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California announces penalties in incidents of temporary workers’ crushing death, amputation

April 19, 2019

California officials announced penalties this week against staffing client companies and staffing firms in two separate incidents: One where a temporary worker was fatally crushed and a separate incident where a temporary worker suffered the amputation of two fingers.

Fatality. In one incident, a farm worker at a walnut processing facility in Los Molinos, California, was under an 800-pound bin dumper on Oct. 6, 2018, when it emptied its load of walnuts and automatically lowered to the ground, crushing him, the California Department of Industrial Relations reported. The worker had been instructed to clean the area around the equipment.

Workplaces hazards were not evaluated, and the worker did not receive training from either the staffing client, Crain Walnut Shelling, or staffing provider, Cal North Farm Labor Inc. of Fresno, California, before being assigned to clean concrete and machinery, according to the state.

Crain Walnut Shelling faces $67,500 in proposed penalties. The state found its walnut bin did not include proper machine guards or lockout/tagout procedures and that it did not provide an extension tool for cleaning the area. Such a tool would have reduced crushing hazards, it said.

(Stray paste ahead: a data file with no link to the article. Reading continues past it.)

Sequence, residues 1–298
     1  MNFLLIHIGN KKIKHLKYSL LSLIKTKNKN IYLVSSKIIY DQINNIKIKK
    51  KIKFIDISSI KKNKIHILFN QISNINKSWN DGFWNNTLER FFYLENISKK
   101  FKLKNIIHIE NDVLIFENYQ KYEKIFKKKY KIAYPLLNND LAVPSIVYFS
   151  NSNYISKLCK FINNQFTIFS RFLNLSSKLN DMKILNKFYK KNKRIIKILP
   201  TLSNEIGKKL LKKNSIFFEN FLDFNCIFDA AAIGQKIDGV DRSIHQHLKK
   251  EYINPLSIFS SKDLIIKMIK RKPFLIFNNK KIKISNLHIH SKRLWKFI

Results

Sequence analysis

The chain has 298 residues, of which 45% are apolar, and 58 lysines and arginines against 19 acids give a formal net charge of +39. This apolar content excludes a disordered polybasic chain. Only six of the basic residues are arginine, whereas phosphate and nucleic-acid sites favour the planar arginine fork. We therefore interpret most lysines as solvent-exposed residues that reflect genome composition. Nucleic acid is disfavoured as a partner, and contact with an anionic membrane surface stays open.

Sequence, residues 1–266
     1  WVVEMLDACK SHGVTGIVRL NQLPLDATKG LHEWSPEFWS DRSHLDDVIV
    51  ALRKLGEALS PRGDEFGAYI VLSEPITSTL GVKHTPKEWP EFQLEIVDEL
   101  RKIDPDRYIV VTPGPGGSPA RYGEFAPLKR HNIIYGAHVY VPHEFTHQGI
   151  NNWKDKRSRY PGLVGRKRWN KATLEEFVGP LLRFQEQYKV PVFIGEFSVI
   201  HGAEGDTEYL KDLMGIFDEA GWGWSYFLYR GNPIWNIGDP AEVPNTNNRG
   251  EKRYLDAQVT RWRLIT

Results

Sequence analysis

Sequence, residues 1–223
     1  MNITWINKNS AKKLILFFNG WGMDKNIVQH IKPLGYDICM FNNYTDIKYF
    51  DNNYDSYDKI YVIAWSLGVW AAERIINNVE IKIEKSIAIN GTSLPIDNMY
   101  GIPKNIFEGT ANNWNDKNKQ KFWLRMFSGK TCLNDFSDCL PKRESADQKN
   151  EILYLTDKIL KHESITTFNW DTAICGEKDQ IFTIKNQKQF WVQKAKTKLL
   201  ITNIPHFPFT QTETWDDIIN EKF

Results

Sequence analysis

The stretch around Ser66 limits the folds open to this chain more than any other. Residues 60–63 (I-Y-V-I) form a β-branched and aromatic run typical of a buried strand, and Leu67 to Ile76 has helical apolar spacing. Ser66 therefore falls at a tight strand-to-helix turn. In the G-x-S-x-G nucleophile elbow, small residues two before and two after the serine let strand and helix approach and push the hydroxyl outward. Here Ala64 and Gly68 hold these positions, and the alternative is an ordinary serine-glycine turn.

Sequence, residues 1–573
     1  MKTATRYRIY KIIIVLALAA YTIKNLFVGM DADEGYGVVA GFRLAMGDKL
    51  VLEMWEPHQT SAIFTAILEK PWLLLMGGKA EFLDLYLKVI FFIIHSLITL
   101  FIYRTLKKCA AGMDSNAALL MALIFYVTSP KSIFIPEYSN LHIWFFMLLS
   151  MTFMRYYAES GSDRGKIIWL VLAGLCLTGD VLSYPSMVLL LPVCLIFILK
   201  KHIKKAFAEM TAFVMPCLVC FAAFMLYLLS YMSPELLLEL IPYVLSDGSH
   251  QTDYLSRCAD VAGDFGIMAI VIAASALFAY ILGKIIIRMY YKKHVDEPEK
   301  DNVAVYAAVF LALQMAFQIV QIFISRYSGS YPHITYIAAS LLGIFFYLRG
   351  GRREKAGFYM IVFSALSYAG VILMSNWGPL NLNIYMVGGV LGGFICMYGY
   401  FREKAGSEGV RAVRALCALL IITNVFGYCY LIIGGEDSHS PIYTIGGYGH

Cal North Farm Labor faces proposed penalties of $33,750 for no ensuring that workers are properly trained, according to the state.

Amputation. Separately, A staffing firm and client company face proposed penalties after a temporary worker lost two fingers while cleaning machinery at a food manufacturing facility in Los Angeles, the California Department of Industrial Relations reported Tuesday.

The worker was cleaning a dough rolling machine on Oct. 2, 2018, when his left hand was partially pulled into the machine’s moving rollers. It caused two of his fingers to be amputated.

Priority Workforce Inc. was the staffing firm that assigned the employee to JSL Foods Inc., a maker and distributor of noodles, pasta and baked goods.

State investigators found the machinery had not been adequately guarded to prevent fingers from entering pinch points or de-energized and locked out while the worker was cleaning it. Neither employer had trained the worker to follow lockout/tagout procedures, according to the state.

JSL Foods faces $276,435 in proposed penalties for seven violations, including one willful repeat serious violation and one willful repeat serious accident-related violation. The company was twice cited in 2015 for similar violations, according to the department.

Priority Workforce, of Tustin, California, faces $29,250 in proposed penalties for three serious violations, according to the state.


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